The Quilietti Family

Your Quilietti family heritage

z THE FIGURINE’ MAKERS

In these mountains, 30 km. north of the beautiful city of Lucca, you’ll find a collection of small towns and villages close to a town called Bagni di Lucca. The making of plaster figurines started in Bagni di Lucca as early as theto Lucca14th century. As a matter of fact, a document from 1373 in the archives of Lucca mentions a figuris gesso, a figure of plaster. Nevertheless, emigration of the figuristi did not begin until the 18th century, when (according to Cherubini) a certain Salsini emigrated in 1712 with his son to Germany.
It took another century before the emigration from Lucca expandedn the early 19th century, Italian figure makers began to come to Britain in increasing numbers to produce ornaments for town and country houses and to sell cheap plaster figures as an itinerant trade. It was also a time when the demand for bronze statues was growing as a result of the desire to commemorate the wartime heroes and political leaders of the day through public statues and church monuments. While at first these two activities, plaster figure making and bronze sculpture founding, were largely separate, as the century progressed some plaster figure makers came to specialise as sculptors’ moulders and also began to have an impact on the trade in electrotype reproductions.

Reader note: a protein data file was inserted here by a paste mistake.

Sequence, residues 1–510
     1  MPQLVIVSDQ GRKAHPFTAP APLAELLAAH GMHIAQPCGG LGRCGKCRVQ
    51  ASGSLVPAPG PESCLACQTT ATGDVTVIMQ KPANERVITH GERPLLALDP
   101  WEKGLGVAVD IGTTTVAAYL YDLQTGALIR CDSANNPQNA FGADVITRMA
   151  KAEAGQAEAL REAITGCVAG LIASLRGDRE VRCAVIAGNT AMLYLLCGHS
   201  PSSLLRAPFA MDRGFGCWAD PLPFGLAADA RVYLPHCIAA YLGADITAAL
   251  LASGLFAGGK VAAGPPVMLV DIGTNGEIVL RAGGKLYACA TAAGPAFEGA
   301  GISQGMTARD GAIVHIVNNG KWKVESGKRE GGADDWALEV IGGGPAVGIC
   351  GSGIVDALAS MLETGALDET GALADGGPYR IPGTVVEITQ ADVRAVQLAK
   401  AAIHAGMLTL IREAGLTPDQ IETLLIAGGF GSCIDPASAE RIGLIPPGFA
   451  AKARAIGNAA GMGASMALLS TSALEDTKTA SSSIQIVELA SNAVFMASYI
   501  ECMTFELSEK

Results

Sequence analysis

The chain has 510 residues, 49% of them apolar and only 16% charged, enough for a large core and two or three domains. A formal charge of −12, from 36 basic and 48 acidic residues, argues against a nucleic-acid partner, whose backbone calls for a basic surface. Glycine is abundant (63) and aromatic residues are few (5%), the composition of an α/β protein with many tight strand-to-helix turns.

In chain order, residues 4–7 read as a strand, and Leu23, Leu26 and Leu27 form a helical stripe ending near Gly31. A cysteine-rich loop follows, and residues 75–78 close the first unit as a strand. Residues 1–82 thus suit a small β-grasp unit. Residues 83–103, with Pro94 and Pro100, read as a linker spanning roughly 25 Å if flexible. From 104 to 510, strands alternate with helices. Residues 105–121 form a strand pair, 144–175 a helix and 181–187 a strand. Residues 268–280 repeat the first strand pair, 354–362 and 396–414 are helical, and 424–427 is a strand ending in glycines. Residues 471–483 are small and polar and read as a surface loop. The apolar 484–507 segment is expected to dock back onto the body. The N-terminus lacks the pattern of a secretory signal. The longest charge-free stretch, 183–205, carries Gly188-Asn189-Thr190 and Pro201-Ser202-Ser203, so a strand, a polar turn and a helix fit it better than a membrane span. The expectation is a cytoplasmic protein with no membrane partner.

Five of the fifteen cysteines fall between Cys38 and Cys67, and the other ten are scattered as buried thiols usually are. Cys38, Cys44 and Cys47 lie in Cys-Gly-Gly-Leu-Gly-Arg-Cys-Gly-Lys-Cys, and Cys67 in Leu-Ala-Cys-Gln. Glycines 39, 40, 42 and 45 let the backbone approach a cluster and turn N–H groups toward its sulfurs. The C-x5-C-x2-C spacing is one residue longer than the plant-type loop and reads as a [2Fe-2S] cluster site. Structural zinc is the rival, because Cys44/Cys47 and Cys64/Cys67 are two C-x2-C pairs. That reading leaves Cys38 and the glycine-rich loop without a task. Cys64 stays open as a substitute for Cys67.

It certainly was not an easy step to emigrate in these times. The small villages were very isolated from the bigger cities, most of the time being only accessible by small paths through the mountains. As new inhabitants of a foreign country, these emigrants had to adapt to the yet unknown culture and language. Usually no help was expected. The area close to Bagni di Lucca was certainly not one of the poorest in Italy, and there was a relatively high degree of culture and education. Thus, poverty can not be considered the main reason for leaving. People had a great variety of incomes and were relatively wealthy.

Our family was also crafted in the art of the plaster and indeed Augusto Quilietti was more often described as a Marble Sculpturer than he was in the restaurant business.